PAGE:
Have you found a product that works really well for you? Please share in the comments below. Also, if you liked this article and would be kind enough to use the share bar (to the left of this article), I’d sure appreciate the Tweet, Like or Linked In post. Thanks!


Growing chemical-free produce can be a spiritual experience. Join me as I discover and share the secrets to making it work on a tiny plot of suburban land in Roanoke as I try to adapt what I learned during 20 years on over 100 acres rural in New York.

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Welcome to our natural approach

Thanks for stopping in to check out the revamped Halcyon Acres® website. As you can see, while the horses are still part of this business (we’ll jump in from time to time with stories, news and updates), we’re putting a much stronger focus on produce. Feel free to poke around (the site is still under construction, so you’ll probably notice changes each day) and let us know if there’s anything you’d like to see covered – or illustrated.

Quick tip for organic growing

organic produce from Halcyon AcresHerbs can create beautiful additions to your landscape (most have delicate and attractive flowers) that also provide tasty options for enhancing a meal. Most are perennial and require little maintenance. All tend to transplant well, so you can start them in one area and then position them where you want around your yard or house after they’ve matured to a hearty state.

If you’re starting seeds outside (now is not the time for this – wait until spring), keep them weeded early as most young shoots don’t compete well with other plants. Good selections for zones 5-6 include sage, oregano, lavender (this one’s iffy outdoors if the winter gets cold but can be transferred to a container and brought inside), thyme and dill (not a perennial but it’s good at reseeding itself).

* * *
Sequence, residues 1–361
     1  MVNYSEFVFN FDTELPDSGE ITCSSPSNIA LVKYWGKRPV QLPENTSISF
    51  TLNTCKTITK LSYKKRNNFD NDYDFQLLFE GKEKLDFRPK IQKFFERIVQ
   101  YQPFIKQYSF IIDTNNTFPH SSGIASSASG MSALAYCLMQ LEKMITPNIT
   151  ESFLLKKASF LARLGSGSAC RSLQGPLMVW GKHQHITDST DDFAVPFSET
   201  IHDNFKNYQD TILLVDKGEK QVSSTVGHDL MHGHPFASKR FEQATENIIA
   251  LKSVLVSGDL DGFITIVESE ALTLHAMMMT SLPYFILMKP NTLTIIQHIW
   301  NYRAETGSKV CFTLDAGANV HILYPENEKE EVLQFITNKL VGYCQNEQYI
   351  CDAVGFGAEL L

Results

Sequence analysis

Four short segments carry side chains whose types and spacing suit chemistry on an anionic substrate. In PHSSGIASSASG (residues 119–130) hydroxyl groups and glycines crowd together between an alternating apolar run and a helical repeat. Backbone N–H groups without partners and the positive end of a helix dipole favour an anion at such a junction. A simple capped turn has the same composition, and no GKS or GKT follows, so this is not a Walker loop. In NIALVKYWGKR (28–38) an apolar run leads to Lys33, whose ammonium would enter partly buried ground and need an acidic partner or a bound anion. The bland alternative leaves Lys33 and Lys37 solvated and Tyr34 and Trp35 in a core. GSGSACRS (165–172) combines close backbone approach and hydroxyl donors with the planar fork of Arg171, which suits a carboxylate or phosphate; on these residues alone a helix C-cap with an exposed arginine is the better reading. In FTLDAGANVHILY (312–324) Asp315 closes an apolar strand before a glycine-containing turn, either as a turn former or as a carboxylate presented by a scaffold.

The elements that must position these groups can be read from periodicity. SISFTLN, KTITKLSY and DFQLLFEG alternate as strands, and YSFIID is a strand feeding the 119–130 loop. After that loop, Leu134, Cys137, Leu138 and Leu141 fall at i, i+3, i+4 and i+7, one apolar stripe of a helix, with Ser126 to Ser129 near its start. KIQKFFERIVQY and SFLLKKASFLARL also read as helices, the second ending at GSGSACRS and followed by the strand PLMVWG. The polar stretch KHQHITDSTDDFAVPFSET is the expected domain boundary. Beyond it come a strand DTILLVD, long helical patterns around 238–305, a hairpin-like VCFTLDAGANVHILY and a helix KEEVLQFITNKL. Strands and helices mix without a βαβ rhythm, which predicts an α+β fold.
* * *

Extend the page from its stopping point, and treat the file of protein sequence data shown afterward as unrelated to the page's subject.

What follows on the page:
If you’re new to herb starts, it can be hard to figure out what these plants look like coming out of the ground. There aren’t too many sites that provide visual depicting young plants. So, we’ll be adding pictures to help you identify your seedlings periodically. Check back as we’re still working on this section. If there’s something in particular you seek, let us know and we’ll try to capture and post the image.

Chemical-free produce for fall

It’s fall in Upstate New York. While the leaves are changing and the tomatoes and summer squashes are suffering a bit from the rain that finally came (almost daily after a summer drought), most of the plants are doing great.

Watermelon, cantaloupe, acorn squash, spaghetti squash, eggplant and sweet potatoes are now ready for harvest. We’re finally getting some head lettuce (silvia, freckles and standard romaine) after an early spring and summer that was too hot for these items. The loose leaf continues to be a favorite as we’ve been planting almost weekly and harvesting baby lettuce for clients.

It’s been a great year for herbs. Fresh sage, oregano, parsley, basil, cilantro, thyme, rosemary and lavender are still plentiful. Speaking of herbs, check out this handy slide show 10 Healthy Herbs and How to Use Them, for some fun tips and surprising features of these healing food items.

This past week’s focus has turned to rolling up feeder hoses, taking down pea fences and flag markers, harvesting cut flowers, digging up some of the perennial flower and herb plants for clients to enjoy in their gardens next year and beginning to prep the soil for spring planting.

If you’re in the Greater Rochester area (Eastern suburbs, Canandaigua, Farmington or Victor) and would like to enjoy fall produce (we still have large quantities of hard to find and/or expensive food items such as Swiss chard, kale, turnips, herbs and a lot of other items requested as special plants by clients) we can deliver to your home or office, or you’re welcome to schedule a trip to the farm with family (appointment required) to select your package mix and witness the harvest. Call (585) 554-4612 for more information.

If fresh herbs are what you seek, these ship well. We can assemble a very generous package custom selected for your tastes. US orders only.


Growing chemical-free produce can be a spiritual experience. Join me as I discover and share the secrets to making it work on a tiny plot of suburban land in Roanoke as I try to adapt what I learned during 20 years on over 100 acres rural in New York.

More Posts